Carlyle Group Inc. and Singapore sovereign-wealth fund GIC Pte. Ltd. are backing out of a deal to buy a stake in American Express Global Business Travel, which has suffered losses from the Covid-19 pandemic.
The parties were in talks to renegotiate terms of the deal, which was set to close this week, in an effort to keep it from falling apart. But the groups couldn’t reach an agreement, according to people familiar with the matter, who spoke on the condition of anonymity because they weren’t authorized to speak publicly about the dispute.
The deal, announced at the end of 2019, valued the American Express Co. unit at $5 billion, including debt. Carlyle and GIC agreed to purchase a 20% stake and American Express retained 50% ownership.
The pandemic has roiled the travel industry, with companies suffering huge revenue drops, prompting worker layoffs. The American Express unit offers travel services primarily to businesses that book airfare and hotel rooms.
The corporate travel business was growing before the advent of Covid-19, generating $5.7 trillion in annual revenue and creating 319 million jobs. Companies spent more than $305 billion on travel in 2018, a 4.5% gain from the year earlier, according to Bloomberg Intelligence, citing data from the Global Business Travel Association.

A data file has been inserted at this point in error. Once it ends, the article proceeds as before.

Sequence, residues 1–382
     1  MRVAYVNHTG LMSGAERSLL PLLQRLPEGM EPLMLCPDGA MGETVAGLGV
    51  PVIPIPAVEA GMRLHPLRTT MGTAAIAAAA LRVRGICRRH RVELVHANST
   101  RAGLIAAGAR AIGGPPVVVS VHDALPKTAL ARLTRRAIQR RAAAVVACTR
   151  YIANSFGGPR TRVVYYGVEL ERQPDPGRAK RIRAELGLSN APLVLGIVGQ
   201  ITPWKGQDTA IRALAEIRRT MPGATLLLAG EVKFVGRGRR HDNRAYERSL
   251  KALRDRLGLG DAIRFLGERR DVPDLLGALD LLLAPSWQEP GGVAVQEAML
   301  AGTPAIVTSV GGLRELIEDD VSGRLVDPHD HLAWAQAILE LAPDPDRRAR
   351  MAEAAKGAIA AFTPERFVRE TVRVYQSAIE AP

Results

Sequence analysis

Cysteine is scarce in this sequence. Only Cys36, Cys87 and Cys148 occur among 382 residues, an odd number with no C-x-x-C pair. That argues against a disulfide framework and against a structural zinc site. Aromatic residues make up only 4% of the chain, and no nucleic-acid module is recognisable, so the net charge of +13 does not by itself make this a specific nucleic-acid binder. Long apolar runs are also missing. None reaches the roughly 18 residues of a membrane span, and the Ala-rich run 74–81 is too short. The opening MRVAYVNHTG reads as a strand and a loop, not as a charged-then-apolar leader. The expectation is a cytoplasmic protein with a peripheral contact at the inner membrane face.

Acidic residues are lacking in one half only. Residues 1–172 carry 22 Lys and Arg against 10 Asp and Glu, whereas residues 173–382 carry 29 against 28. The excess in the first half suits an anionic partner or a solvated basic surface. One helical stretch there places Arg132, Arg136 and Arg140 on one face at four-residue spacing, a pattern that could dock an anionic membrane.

American Express Global Business Travel has “the backing of strong, long-term investors and have taken appropriate actions to reduce operating costs in the current environment,” the company said in a statement. “There are absolutely no concerns about liquidity.”
An investment group, which includes Certares LP and the Qatar Investment Authority, own the other half of the business-travel joint venture.
A unit of the Qatari agency sued Carlyle in Delaware Chancery Court last week seeking to force the investment firms to “comply with their contractual obligation to proceed to the closing of a share purchase agreement,” according to a court filing. The unit is asking Chancery Judge Joseph Slights III to put the case on the fast track for trial.
Carlyle countersued May 8, arguing it could renege on the agreement because other investors violated “various provisions of the share purchase agreement,” Carlyle’s lawyers said in a court filing.
“The sellers violated several terms of the purchase agreement and as a result we are seeking a judicial confirmation that we have no obligation to close the transaction,” Brittany Berliner, a Carlyle spokeswoman, said in an emailed statement.
The Delaware cases are Carlyle Roundtrip, LP v. Juweel Investors, No. 2020-0351, Delaware Chancery Court and Juweel Investors Limited v. Carlyle Roundtrip, LP, No. 2020-0338, Delaware Chancery Court (Dover).